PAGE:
During the time of change of the mid-19th Century, Yaichiro is bid farewell by his fellow samurai friends Munezo and Samon as he leaves their clan's fiefdom on the northwest coast of Japan ... See full summary »
An tale of revenge, honor and disgrace, centering on a poverty-stricken samurai who discovers the fate of his ronin son-in-law, setting in motion a tense showdown of vengeance against the house of a feudal lord.
The mother of a feudal lord's only heir is kidnapped away from her husband by the lord. The husband and his samurai father must decide whether to accept the unjust decision, or risk death to get her back.
A woman looks back on her family's life in Tokyo before and during WWII. A maid arrives from the countryside to work for an upper middle class family. She fits in well, but everyone's emotions are stirred up with the arrival of a student.
Shinnojo, a low level samurai, lives with his pretty, dutiful and loyal wife Kayo. He has come to find his position in a castle as a food-taster for a feudal lord to be boring and pointless, and talks about opening a kendo school open to boys of all castes where he can teach the use of the sword. Before he can act on his dream he becomes ill with a fever after tasting some sashimi made from shell fish, but an investigation reveals that the poisoning was not due to a human conspiracy, but a poor choice of food out of season. After three days he awakes but finds that the toxin from the food has blinded him. Kayo is summoned by Shinnojo's family to explain how the couple will survive. His uncle laments that he no longer knows anybody with influence in the castle, and asks Kayo if she knows of anybody. She relates how Toya Shimada, the chief duty officer in the castle and a samurai of high rank, offered to help and they tell her to act upon his offer of assistance. A message from the ... Written by
In the film it is mentioned repeatedly that the main character of Shinnojo Miura receives a yearly stipend of 30 koku. During the Edo period of Japan a koku was a unit of measure that had the equivalent of one year's worth of rice for a person (approx. 150 kg). For a samurai 30 koku was a small salary and Shinnojo was thus of a low level. Incidentally, the title character from another of Yoji Yamada's films 'The Twilight Samurai' also receives a 30 koku stipend after having 20 koku deducted from his 50 koku salary to pay for his recently deceased wife's funeral. See more »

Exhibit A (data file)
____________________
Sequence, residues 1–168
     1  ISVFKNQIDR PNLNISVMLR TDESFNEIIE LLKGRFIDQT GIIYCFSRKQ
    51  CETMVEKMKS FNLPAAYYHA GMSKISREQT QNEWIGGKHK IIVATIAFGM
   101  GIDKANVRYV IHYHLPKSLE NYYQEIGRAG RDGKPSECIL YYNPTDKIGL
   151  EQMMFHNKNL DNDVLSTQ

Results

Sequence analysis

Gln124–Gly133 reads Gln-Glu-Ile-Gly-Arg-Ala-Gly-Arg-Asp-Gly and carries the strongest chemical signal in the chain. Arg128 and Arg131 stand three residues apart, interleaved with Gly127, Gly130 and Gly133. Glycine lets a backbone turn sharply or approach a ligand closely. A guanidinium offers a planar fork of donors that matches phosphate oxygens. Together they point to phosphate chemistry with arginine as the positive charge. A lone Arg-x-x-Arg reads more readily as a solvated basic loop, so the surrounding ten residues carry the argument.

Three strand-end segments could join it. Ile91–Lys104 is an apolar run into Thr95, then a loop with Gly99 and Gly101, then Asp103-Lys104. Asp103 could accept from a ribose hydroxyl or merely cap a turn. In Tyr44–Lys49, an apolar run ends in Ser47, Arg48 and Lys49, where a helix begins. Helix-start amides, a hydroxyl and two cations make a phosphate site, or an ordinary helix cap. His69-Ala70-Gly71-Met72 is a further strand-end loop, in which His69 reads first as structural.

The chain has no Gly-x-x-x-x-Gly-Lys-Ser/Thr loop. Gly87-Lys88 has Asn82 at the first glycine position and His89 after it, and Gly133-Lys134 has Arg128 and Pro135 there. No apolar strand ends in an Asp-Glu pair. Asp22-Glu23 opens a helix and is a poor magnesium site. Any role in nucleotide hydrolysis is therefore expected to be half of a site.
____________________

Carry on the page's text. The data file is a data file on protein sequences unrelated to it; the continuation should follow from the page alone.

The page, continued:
Samurai movie that doesn't really revolve around the use of swords
So this is suppose to be Yôji Yamada's final movie in this style of samurai trilogy, the previous two films being "The Twilight Samurai" and "The Hidden Blade". And this final installment is absorbing as the previous films to some degree but also lacks the entertainment value like the previous films as well. Although this trilogy is sort of dry in some aspects. This however has slightly more of a modern feel to it compared to the previous 2 films in this trilogy. But it's still a bit slow paced and dry at times, this trilogy isn't for everyone but it does have it's target audiences. The protagonist is played by Kimura Takuya which I was hesitant with, but he played his role pretty well. The progression of the story could have been paced a little quicker, but I can understand why it takes the slower route. But still the slow pacing really makes this movie dry and sort of dull at times. This movie is also very far from being action packed despite it having samurais, but what it does have is drama and emotions. And wanting to know what happens next kept me attached to this story, despite the pacing being so slow at times. If the pacing was slightly quicker the movie would have been better in my opinion and would keep majority of the audiences attention, so the main flaw in my opinion is the pacing. Overall it's a pretty good final in this trilogy although the story has nothing to do with each other besides the fact that it all revolves around samurais, it's worth at least a watch.
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